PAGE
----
Last night, Democrats offered a moving and motivational argument for their vision of America as a pluralistic and progressive society Through powerful videos, testimonials and speeches, they made the case for action to stem gun violence and climate change; bring undocumented workers out of the shadows; and strengthen the social contract with measures such as universal childcare. They welcomed a historic nominee for vice president, who touted her lineage as the daughter of Jamaican and Indian immigrants and spoke of the ideal of racial reconciliation and John Lewis s vision of the "beloved community." They heard a fervent, powerful homily from a former president who symbolized change. Taken separately, you will find a majority of Americans are in favor of many of the ideals Democrats promoted last night. But President Donald Trump won the 2016 election by energizing a minority of voters -- most of whom are White -- who view these changes as a threat to their livelihoods and way of life. And what may seem like a humane, common sense agenda to most Americans, this week will be cast by Trump and the Republicans as nothing more than job-crushing environmental regulations; amnesty for "illegals" and open borders; an attack on police that invites urban violence and anarchy; onerous new taxation and a radical assault on the second amendment. These are the jagged fault lines of American politics: a rising number of young people, racial minorities and college-educated White voters versus those who view the cultural and social changes proudly displayed at the Democratic National Convention this week as a threat. Trump s fear of Joe Biden as an opponent is so pronounced that the President was impeached for trying to dig up dirt on him. But Biden -- a White, plain-spoken, devout Catholic from the industrial heartland -- is a culturally inconvenient target. Biden hardly looks the part of the far left radical Trump would use to rile up his base. In the primaries, Biden s history of moderation and bipartisanship was a rallying point among fellow Democratic candidates. But in a general election, this history serves as an asset, offering comfort to middle-of-the-road voters who are ready to fire Trump. That doesn t mean Trump won t try to seize on, embellish and distort the Democratic platform and Biden s programs to paint him as an aged and addled dupe who has surrendered to the left. Trump is likely to cast him as a trojan horse the Democrats will use to promote socialism, lawlessness and cultural expropriation. But Democrats have been relentless this week in presenting Biden as a decent, caring man deeply rooted in Main Street values; a resilient leader who has weathered unthinkable struggle and loss and is prepared to lead America out of one of its darkest epochs. Tonight, as he accepts the nomination of his party, his job is to dispatch Trump s attacks on his physical energy and mental acuity with a robust speech that defies caricature and speaks to the broadest swath of Americans. He needs to approach the speech as if he were already a sitting president and give Americans the confidence that better days are within our reach by laying out a clear sense of where he would lead on the virus and the economy. The battle for the presidency will mostly be one of mobilization, with each side working to get their bases out to vote. Democrats did a good job Wednesday of appealing to theirs with emotional presentations on core issues. But they have also offered reassurance this week to middle-of-the-road voters with speeches from moderate and Republican voices. This is particularly important, since the outcome in November may be decided by the final disposition of few, mostly White voters who are up for grabs in a handful of swing states. Tonight, Biden needs to keep that balance in mind as he makes his pitch to what may amount to the largest audience he will have to himself between now and November.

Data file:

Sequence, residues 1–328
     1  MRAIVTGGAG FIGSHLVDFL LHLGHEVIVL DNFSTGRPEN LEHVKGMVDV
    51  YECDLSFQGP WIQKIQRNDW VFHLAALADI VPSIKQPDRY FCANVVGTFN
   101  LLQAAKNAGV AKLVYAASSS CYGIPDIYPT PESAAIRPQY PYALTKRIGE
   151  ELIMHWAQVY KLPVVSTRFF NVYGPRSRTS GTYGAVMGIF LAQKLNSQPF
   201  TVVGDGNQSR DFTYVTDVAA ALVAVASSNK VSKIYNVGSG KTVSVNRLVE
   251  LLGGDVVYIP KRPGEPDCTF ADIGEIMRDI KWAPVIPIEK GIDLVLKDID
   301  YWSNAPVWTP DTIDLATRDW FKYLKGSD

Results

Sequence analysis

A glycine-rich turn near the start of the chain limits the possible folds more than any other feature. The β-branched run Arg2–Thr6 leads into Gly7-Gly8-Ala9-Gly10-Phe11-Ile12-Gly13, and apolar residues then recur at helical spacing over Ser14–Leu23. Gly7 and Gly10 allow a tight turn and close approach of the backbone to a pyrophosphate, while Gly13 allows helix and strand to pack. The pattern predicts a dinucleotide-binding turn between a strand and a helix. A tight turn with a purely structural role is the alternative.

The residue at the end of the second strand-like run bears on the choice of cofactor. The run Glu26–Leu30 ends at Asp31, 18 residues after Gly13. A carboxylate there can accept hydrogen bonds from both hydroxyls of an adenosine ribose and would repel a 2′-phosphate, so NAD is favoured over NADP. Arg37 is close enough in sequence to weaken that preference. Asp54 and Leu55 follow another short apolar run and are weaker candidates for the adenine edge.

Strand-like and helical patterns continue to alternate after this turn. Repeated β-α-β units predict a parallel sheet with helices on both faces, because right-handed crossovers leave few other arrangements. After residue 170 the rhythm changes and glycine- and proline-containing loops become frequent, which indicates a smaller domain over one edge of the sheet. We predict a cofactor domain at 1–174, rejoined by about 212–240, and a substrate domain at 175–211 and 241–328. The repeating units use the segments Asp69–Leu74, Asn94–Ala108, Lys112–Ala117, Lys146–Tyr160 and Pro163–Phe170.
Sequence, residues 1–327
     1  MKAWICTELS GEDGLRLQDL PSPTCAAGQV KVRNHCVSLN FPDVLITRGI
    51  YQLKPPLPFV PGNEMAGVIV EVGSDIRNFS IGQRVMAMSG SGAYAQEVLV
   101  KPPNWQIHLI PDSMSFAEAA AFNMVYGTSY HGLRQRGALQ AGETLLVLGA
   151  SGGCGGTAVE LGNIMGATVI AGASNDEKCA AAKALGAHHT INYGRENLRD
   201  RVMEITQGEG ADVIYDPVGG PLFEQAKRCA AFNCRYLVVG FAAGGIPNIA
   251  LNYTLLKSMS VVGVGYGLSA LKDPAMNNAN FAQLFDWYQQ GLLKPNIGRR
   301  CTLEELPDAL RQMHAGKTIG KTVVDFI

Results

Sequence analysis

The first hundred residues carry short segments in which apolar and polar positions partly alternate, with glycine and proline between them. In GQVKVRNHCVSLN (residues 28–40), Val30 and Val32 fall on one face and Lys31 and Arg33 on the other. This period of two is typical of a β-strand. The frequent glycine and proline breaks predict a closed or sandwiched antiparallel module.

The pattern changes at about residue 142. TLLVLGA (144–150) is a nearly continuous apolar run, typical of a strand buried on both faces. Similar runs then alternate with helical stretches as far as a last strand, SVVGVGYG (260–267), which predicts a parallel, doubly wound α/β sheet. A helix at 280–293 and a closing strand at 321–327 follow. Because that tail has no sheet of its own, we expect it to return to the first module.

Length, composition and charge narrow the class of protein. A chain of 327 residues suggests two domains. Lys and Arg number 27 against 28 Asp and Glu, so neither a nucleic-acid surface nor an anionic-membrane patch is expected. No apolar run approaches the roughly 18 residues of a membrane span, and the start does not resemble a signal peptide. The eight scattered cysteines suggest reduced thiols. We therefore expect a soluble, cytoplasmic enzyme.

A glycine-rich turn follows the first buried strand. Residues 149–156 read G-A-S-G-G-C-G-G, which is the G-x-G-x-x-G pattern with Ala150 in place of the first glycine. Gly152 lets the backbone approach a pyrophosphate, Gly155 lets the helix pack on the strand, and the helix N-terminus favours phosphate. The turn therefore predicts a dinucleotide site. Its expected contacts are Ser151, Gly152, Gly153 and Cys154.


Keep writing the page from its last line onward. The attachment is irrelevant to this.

Why is President Donald Trump helping Russia and hurting the United States? That isn t a question that most Americans probably want to ask themselves right now, but they should.With the clock ticking toward Election Day, President Trump has inserted himself squarely into the election security threat matrix, undermining his own national security team and US democracy. By tweeting out and amplifying content officially attributed to a Russian influence operation and taking active measures against key election infrastructure, like the US Postal Service, and by failing to hold certain bad actors accountable, Trump himself is the biggest threat to a free and fair 2020 vote. There are active foreign threats facing the US election. Last month, after facing pressure, primarily from Democrats, the US intelligence community (IC) made public information regarding certain foreign election security threats. The IC issued a second statement earlier this month that specific foreign actors are targeting US elections -- they cited China, Russia, and Iran. While their statements are helpful in terms of informing the public, overall, about various threat streams, they confusingly grouped threats of very different scales and scopes -- apples and oranges -- in the same basket. Active, covert Russian influence operations are seemingly a bigger threat to Americans than public criticisms of the Trump administration from the ruling Chinese Communist Party. But the IC indicated that Russia prefers Trump to win the 2020 election, while China prefers him to lose. Trump may think it s more politically and personally expedient to focus on election interference from China and to disregard Russia s attacks. Plus it s clear he has never liked acknowledging that he is Putin s preference. Shortly after the IC s statement, US National Security Adviser Robert O Brien said on CBS that China and other countries are attacking secretary of state websites -- which sounds like an allegation that China is engaged in cyberattacks against critical election infrastructure. That s the first we ve heard about this alleged Chinese operation -- the IC statements on election security threats made no mention of any Chinese cyberattacks. While the intelligence community has indicated that unnamed adversaries "seek to compromise US election infrastructure," and says it is monitoring "malicious cyber actors," we have not seen anything to corroborate O Brien s specific accusation against China.If O Brien s allegations are true, it would be a major escalation by China that should warrant some kind of response. But we haven t heard about any planned punitive measures by the administration against the individuals and entities involved in the recently disclosed election security threats. (A Chinese Foreign Ministry spokesperson said last week that Beijing has never interfered in US elections, but government statements should be taken with more than a grain of salt.) That s a dangerous approach. With several foreign threats now public knowledge, it appears that the President is choosing to do nothing about them. Instead of taking action to counter foreign attacks on US democracy, he is playing dodgeball and failing to hold the attackers accountable. When recently asked about foreign meddling, he turned his ire on Democrats, saying it was they who were "meddling" by insisting on mail-in ballots. POTUS s failure to punish the actual attackers just empowers people like Vladimir Putin to keep attacking the US. Absent a policy response to their election interference, bad actors have no reason to stop while they re at it. But not only has Trump failed to punish certain foreign actors, he s helping them. The Intelligence Community s recent statement on election security threats said -- notably -- that Russia prefers Trump in 2020 and that Moscow is actively working to denigrate rival Joe Biden. The IC even specifically cited a player in Russia s influence operations against the United States -- Andriy Derkach. The statement said that Derkach, a Ukrainian lawmaker, "is spreading claims about corruption -- including through publicizing leaked phone calls -- to undermine former Vice President Biden s candidacy and the Democratic Party." Democrats have consistently raised concerns about Derkach s actions and work with certain Republican lawmakers.The US intelligence community could not have been clearer: Derkach is part of Russian attacks on US democracy. As President, Trump had to have had access to the underlying, highly classified intelligence that led the IC to their conclusions about Derkach, not to mention access to the underlying, highly classified intelligence about Russian election attacks more broadly. Trump s not known for spending a lot of time reading classified intelligence. But with the information on Derkach now public, there s zero chance that the President isn t aware of the US intelligence community s conclusions. Yet he helped Russia intelligence with the click of a button -- on Sunday he retweeted content that Derkach leaked, allegedly of a conversation between Biden and former Ukrainian President Petro Poroshenko. (Poroshenko reportedly has said the audio is bogus.) Quite simply, Trump helped spread Russian disinformation, and the reason seems obvious -- it s all about winning a second term. When it comes down to it, Trump prioritizes his perceived personal needs over all of us -- the safety of our elections, our physical safety, and more. That s probably why Putin prefers him -- he s the antithesis of what a democratic leader looks like. In addition to giving certain attackers a free pass and apparently aiding and abetting Russian influence operations against us, Trump and his appointees also appear to be engaged in active measures targeting key election infrastructure -- the USPS. Trump s Postmaster General appointee Louis DeJoy will testify before Congress next week about allegations that his recent operational changes will hamper the Postal Service s ability to support voting by mail in November. And Trump s spreading of disinformation about mail-in voting amounts to influence operations against the USPS as he tries to denigrate the service s perceived capabilities to handle mailed ballots.Actions speak louder than words. It s obvious that the USPS is going to face an unprecedented burden this election cycle. A patriotic president would do everything possible to shore it up so that Americans can vote safely from their homes. Trump, however, is doing just the opposite. In fact, Trump said he opposes additional funding for the Postal Service because he doesn t want to see it used for mail in voting. Instead of giving the USPS the resources it needs to support a free and fair election, Trump is trying to undercut it. It goes without saying that a candidate confident of winning wouldn t try to stop Americans from voting. And a President who cares about his country s democracy wouldn t help the foreign actors attacking it. So as Americans tune in to the conventions and try to make sense of the election threats we re facing, they should be aware that President Trump himself is our primary source of election insecurity.